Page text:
But still, at the darksome hour of nightwhen lurid phantoms fly,a hapless bride in weeds of whiteillumes the lake and sky.

   Some of the simplest rhymes are also the most poignant, in that they are merely a collection of mellifluous place-names, in some cases of places which are no longer there or which survive as names of maps only, devoid now of human habitation.  Here is one example, which one imagines might have been composed by the six-fingered warrior mentioned above:

                              Deuchar sits on Deuchar Hill,
                              lookin doon on Birnie Mill,                              the Whirrock an the Whoggle,                              the Burnroot an Ogle,                              Quiechstrath an Turnafachie,                              Waterhaughs an Drumlieharrie.


Saturday, 7 November 2015

Bonnie Dundee

John Graham of Claverhouse, later Marquis of Dundee, was born on his family's estate at Glen Ogilvy in the Sidlaw Hills in 1648.  He was destined to be a man of legend, like his relative, Montrose, but it could be argued that his legend, the resonance that it remembered of the man, is several shades darker in the popular imagination.  As 'Bloody Clavers', Graham is cursed as a persecutor of the Galloway Covenanters, though anyone searching honestly through his military career in search of atrocities is facing a fruitless task.  Yet the same man was the first Jacobite hero, who raised the standard for King James VII on the top of Dundee Law in 1689.  And, as 'Dark John of the Battles', Claverhouse captured the imagination of the Gaels who served under him in a way which Montrose never did.

   But legends linger and fester in some instances, born of hatred and propaganda.  At the Battle of Drumclog, in June 1679, the cup of wine presented to Dundee turned into clotted blood, and a basin of water he plunged his feet into boiled over.  His horse was said to have been a gift from Satan himself and it had the power to easily gallop up sheer cliffs. Many traditions of the man proliferated after his death at the Battle of Killiecrankie on 27th July, 1689.  A story told among members of the Cameronian sect states that he was not slain merely by an enemy bullet but rather shot by a silver button taken from the coat of one of is own servants; this was the only way to be rid of a supernatural being.  Yet another rumour insists that he was killed by a Hanoverian spy in his own ranks.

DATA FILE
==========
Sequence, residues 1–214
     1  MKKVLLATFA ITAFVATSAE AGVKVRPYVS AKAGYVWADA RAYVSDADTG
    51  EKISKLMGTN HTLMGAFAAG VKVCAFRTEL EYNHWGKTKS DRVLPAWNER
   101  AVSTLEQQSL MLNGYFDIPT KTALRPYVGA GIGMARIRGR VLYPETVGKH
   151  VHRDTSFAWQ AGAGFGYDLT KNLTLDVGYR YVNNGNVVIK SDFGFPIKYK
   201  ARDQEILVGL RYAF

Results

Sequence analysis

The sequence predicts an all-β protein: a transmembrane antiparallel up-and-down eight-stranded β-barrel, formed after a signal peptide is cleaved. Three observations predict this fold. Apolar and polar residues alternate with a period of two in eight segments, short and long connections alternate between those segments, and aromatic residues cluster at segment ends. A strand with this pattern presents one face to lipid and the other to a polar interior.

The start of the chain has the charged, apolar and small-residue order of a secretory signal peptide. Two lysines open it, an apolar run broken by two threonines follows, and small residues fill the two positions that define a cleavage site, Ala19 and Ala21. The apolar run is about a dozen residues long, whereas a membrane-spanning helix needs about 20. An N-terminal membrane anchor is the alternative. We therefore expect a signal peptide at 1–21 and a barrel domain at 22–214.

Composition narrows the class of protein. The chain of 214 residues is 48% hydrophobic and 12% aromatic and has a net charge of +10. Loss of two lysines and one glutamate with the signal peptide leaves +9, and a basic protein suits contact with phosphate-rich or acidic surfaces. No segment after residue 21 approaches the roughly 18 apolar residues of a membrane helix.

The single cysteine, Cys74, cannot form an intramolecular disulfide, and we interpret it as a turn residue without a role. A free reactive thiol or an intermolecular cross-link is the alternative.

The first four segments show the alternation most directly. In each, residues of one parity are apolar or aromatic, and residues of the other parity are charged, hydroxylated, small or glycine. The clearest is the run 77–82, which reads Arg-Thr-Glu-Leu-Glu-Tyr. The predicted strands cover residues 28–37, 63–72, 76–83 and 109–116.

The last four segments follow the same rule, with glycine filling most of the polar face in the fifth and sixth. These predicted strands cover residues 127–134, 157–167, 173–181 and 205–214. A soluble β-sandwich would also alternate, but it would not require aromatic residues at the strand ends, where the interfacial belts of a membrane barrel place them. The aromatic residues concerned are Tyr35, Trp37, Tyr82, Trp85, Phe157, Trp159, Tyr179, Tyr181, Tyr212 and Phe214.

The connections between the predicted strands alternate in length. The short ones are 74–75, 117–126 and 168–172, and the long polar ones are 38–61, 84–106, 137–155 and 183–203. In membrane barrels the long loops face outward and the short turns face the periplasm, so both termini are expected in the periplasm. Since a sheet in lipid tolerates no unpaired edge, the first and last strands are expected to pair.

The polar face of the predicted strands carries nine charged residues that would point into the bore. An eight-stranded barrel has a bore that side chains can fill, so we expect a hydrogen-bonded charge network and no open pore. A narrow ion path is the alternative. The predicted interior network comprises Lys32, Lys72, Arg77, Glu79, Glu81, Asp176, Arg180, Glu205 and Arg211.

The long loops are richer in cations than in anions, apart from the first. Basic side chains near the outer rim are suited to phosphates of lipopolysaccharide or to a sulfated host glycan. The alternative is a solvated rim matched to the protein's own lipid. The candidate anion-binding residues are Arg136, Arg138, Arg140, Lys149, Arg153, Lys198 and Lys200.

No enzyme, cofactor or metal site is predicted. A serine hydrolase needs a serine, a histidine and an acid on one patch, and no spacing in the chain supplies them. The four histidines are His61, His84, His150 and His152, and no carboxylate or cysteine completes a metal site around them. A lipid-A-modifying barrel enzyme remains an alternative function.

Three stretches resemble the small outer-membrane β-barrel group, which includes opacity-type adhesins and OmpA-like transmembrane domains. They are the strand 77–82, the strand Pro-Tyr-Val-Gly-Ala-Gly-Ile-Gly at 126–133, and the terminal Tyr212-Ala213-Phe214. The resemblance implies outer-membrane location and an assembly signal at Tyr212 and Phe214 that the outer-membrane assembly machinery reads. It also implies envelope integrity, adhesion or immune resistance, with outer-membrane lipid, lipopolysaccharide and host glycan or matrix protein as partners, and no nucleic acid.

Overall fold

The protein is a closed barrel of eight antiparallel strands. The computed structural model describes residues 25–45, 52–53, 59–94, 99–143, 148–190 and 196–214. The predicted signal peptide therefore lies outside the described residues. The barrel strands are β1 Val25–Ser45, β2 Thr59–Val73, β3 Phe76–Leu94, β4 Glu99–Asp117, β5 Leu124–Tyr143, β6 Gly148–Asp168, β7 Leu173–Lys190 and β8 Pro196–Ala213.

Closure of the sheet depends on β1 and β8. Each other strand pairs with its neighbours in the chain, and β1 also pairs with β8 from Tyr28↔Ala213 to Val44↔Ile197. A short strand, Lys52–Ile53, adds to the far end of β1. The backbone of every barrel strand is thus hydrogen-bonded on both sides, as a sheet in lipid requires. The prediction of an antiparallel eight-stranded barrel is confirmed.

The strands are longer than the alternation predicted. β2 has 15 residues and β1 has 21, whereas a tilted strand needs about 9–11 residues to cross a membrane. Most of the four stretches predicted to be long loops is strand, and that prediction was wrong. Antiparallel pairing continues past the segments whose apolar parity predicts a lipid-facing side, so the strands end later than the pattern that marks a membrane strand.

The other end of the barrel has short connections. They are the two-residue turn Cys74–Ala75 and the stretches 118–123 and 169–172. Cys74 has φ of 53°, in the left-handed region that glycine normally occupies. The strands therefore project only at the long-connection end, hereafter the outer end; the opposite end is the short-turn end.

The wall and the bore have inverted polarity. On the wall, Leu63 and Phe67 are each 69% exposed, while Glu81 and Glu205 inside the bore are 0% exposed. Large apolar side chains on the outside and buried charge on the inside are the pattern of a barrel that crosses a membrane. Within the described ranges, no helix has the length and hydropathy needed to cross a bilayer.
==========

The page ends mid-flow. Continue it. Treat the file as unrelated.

On the night before that fatal battle, Dundee was thrice visited by the bloody spectre of a man named John Brown, from Priesthill in Ayrshire, whom he had put to death four years previously.  The ghost pointed to its head, then down towards the ground where the battle would be fought, implying that Brown would meet Dundee there.  On the very day of the engagement a preacher called Bruce of Anwoth informed his Covenanter congregation that Dundee would no longer be 'a terror to God's people'.  Bruce had received a vision of John Graham's richly deserved death.  On the day after the battle the Earl of Balcarres awoke at his home in Fife and saw is friend Dundee standing at his bedside, gazing sorrowfully at him.  Balcarres cried out and the ghost vanished.  When Graham's corpse was stripped after the battle, he was found to be wearing a garment marked with the Templar Cross, symbol of that ancient and secret order of mystics.

   Lore of the man Dundee is sadly lacking in his native county, perhaps because none of his campaigns was conducted here.  But one wild tradition says that he still aunts Claypotts Castle, his one time home, especially around Halloween when flashing lights and odd sounds emanate from the building.  Satan and a host of witches and warlocks are reputedly on hand to join in the weird revels.  Although Dundee spent very little time at this partiular castle when he was alive, he apparently as made up for it in is afterlife.